Nicole Schulman is an artist whose illustrations have appeared in The New York Times, The Progressive and in exhibits in the United States, Greece, Israel, and South Korea. Schulman sits on the editorial board of World War 3 Illustrated, a graphics magazine. She is the co-editor of Wobblies: A Graphic History of the Industrial Workers of the World and her comics and illustrations are in the collection of the Library of Congress.” (http://www.groundswellmural.org/artist/nicole-schulman)  “In recent years, Nicole has also become a teaching artist and muralist with Groundswell, an organization that facilitates mural projects about specific social issues with NYC teens from marginalized communities.” (http://nicoleschulman.com/?page_id=74)

Crystal Bruno is an illustrator, muralist, and teaching artist born, raised, and based in New York City. Her work serves and celebrates women of color and communities of color. Her vibrant organic urban styles merge the intersections of culture, gender, spirit, and inner city life.” (http://www.groundswellmural.org/artist/crystal-bruno)

The third mural near the others is also a Groundswell project at the corner of DeGraw Street and Fourth Avenue, 648 DeGraw Street, titled “Justice Everywhere”.

”Justice Everywhere” (2004), 648 DeGraw Street, Park Slope, Brooklyn. This 132’ x 26’ mural is painted in acrylic on stucco.

The lead artists were Belle Benfield and Amy Sananman, and the assistant artist was Nora Kennedy. The sponsoring organization was the Fifth Avenue Committee. “To celebrate the opening of its new headquarters in 2003, Fifth Avenue Committee (FAC) commissioned Groundswell to paint a mural on the adjacent building to help lead visitors from 4th Avenue around the corner to the doors of the new center. Groundswell began research for the mural through a series of focus groups with each of the departments that make up FAC. Each department was asked to propose a representation of its role in the FAC community and present it as a living tableau. Photographs of these tableaus were then used to develop a mural that highlights the many facets of FAC's work. FAC celebrated its 25th anniversary in 2002, and the mural also features a visual timeline of significant organization milestones. For example, a truck license plate in the image reads 1995, a nod to the year FAC incorporated Red Hook on the Road, a program that trains commercial truck drivers and helps them find employment.” (http://www.groundswellmural.org/project/justice-everywhere)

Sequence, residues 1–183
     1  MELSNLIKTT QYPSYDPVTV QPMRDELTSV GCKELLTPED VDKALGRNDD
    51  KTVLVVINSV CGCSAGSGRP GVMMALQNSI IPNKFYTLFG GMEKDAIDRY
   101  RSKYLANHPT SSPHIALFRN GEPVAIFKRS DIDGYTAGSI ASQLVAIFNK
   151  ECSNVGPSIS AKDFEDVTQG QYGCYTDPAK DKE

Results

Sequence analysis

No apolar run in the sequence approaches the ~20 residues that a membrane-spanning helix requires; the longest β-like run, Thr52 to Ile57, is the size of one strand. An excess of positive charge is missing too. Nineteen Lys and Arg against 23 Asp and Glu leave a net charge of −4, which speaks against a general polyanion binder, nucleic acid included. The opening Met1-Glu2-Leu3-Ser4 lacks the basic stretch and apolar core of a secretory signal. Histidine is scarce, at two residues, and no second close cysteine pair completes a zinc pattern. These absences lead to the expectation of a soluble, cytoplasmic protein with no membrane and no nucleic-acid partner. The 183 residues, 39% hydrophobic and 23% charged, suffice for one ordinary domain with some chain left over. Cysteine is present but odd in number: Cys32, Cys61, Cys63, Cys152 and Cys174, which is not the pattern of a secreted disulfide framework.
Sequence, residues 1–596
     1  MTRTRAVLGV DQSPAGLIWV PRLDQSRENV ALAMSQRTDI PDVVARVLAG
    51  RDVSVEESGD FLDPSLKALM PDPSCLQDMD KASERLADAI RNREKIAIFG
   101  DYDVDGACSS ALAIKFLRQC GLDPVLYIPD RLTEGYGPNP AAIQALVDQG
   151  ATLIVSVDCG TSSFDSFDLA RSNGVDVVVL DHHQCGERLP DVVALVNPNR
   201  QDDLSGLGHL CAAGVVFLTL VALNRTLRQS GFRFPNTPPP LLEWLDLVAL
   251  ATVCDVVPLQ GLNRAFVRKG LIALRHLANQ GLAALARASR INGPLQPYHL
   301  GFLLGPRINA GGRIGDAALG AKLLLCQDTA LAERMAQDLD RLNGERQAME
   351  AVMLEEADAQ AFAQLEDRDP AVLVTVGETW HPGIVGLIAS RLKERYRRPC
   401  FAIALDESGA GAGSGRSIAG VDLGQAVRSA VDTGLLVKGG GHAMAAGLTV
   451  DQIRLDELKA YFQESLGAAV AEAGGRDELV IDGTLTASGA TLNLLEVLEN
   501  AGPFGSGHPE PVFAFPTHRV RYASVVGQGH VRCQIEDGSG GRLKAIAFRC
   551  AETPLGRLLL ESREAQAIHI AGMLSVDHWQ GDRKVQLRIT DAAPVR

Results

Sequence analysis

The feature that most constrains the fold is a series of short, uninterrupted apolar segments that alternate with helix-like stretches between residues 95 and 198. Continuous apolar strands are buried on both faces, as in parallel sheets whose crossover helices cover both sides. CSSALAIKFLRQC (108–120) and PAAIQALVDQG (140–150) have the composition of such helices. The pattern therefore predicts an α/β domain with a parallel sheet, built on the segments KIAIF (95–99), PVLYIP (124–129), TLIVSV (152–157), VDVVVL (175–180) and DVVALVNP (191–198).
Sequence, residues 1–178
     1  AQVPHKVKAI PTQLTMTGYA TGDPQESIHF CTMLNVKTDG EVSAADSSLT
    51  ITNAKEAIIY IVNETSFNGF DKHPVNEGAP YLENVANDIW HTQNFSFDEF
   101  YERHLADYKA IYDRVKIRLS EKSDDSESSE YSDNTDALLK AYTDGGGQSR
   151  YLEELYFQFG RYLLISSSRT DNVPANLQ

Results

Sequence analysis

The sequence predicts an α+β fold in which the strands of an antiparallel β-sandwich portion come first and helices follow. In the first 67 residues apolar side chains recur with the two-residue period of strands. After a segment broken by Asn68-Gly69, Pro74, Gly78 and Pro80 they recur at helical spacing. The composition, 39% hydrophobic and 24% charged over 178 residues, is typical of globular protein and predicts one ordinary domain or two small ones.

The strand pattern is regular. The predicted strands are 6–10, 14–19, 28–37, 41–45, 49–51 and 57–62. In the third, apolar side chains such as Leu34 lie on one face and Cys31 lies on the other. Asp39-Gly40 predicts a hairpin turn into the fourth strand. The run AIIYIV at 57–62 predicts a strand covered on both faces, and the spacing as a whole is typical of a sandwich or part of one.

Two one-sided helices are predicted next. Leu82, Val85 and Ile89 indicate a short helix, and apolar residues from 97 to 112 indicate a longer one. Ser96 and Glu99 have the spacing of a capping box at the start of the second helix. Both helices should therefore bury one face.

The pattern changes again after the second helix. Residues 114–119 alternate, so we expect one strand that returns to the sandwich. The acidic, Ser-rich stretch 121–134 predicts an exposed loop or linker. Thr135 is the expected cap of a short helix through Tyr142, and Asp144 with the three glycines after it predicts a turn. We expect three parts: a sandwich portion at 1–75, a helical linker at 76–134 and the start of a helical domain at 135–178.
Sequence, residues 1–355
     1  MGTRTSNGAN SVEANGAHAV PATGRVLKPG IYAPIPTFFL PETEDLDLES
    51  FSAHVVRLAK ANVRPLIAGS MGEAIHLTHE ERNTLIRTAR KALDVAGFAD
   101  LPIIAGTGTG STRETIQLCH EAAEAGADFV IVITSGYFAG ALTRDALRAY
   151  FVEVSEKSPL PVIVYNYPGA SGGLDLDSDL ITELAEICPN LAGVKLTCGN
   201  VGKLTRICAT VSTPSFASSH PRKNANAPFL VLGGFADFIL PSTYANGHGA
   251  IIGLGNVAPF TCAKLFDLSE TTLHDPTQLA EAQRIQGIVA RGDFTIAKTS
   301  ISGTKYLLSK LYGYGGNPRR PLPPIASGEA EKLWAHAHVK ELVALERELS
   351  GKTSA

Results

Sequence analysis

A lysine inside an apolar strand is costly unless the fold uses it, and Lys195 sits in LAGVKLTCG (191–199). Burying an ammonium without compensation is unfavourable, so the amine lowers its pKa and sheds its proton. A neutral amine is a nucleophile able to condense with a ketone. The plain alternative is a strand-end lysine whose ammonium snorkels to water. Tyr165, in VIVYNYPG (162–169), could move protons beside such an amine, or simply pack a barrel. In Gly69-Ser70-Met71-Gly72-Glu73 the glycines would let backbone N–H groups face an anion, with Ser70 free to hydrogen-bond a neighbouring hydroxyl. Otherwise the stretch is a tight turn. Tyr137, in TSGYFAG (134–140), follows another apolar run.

A sketch of the initial design. Included is a man breaking the chains that bind his wrists. On the chains can be found the date 2000, the year the Fifth Avenue Committee incorporated Developing Justice, a job training program for formerly incarcerated adults. (http://www.groundswellmural.org/project/justice-everywhere)

One day in 2012 I was walking along a wall that separated the Brooklyn Navy Yard from the Vinegar Hill neighborhood of Brooklyn. Specifically, I was near “Building 92” on the Navy Yard side of the wall. I noticed a group of people painting the wall and stopped to talk with one of them.

“Here Goes Something” and “Here Goes Something (Part 2)” were painted under the direction of “Tanya Linn Albrigtsen-Frable (Mensen)...an educator, public artist and community facilitator. In addition to her work with Voices UnBroken, she is the Program Administrator and a Youth Advocate for the Parsons Scholars Program, a member of the Without Walls radical educator collective, and a teaching artist with Girls for Gender Equity's Urban Leaders Academy. Her artistic practice is driven by collaboration, community-building, individual healing and transformation of public space. Her work alongside young people is rooted in her early experience as a youth organizer and is driven by respect, dignity and solidarity.” (http://www.voicesunbroken.org/#!staff/c148p

Tanya Linn Albrigtsen-Frable’s assistant for Part I was Esteban del Valle and for Part 2 was Joel Bergner.

“Esteban del Valle is an interdisciplinary artist currently living and working in Brooklyn, NY. ...Esteban has produced murals throughout various parts of the USA, such as New York, NY, Chicago, IL, San Antonio, TX, Kansas City, MO, Spartanburg, SC, and Provincetown, MA. He has been in numerous publications and his mural work has been featured on HGTV, NY1 News, News 12 Brooklyn, and the New York Times.” (http://estebandelvalle.com/about/) 

“Joel Bergner’s street paintings can be spotted across the globe, from the U.S. to Brazil, Cuba, Kenya, Poland, Mexico, Mozambique, El Salvador, Cape Verde and most recently in a Syrian refugee camp in Jordan. Joel’s murals and canvases feature his trademark eclectic mix of vibrant colors and intense imagery, exploring social topics and presenting the stories of those who are marginalized by society. ...Joel’s work features a combination of acrylic and spray paint, stencil art, and mosaics, which are layered in a way that allows his many artistic influences to blend seamlessly; Abstract Art, current Graffiti and Street Art styles, Mexican Muralism, tribal and traditional art forms from around the world, among others. He immerses himself in the cultural fabric from which many of his artistic topics are derived, regularly spending long periods of time living and working in the communities where his projects take place.” (http://joelartista.com/about/)

“'Here Goes Something' celebrates the rich and vibrant history of the Brooklyn Navy Yard. The mural was created by 19 fourth and fifth grade students from PS 307. At the start of the mural design process, the group received a tour of the Navy Yard from its education staff and participated in in-depth discussions about its history. The mural tells the story of the Navy Yard from right to left. It begins with the indigenous Lenape people who inhabited the land before the Yard existed; it then travels through the industrial revolution and ends with a broadcast tower. Interspersed throughout the mural are hints to the different types of ships that have docked there over the years. Many of the youth live across the street from the Navy Yard but had never been inside this modern industrial park, and they were excited to paint a wall that they and their community would see everyday.”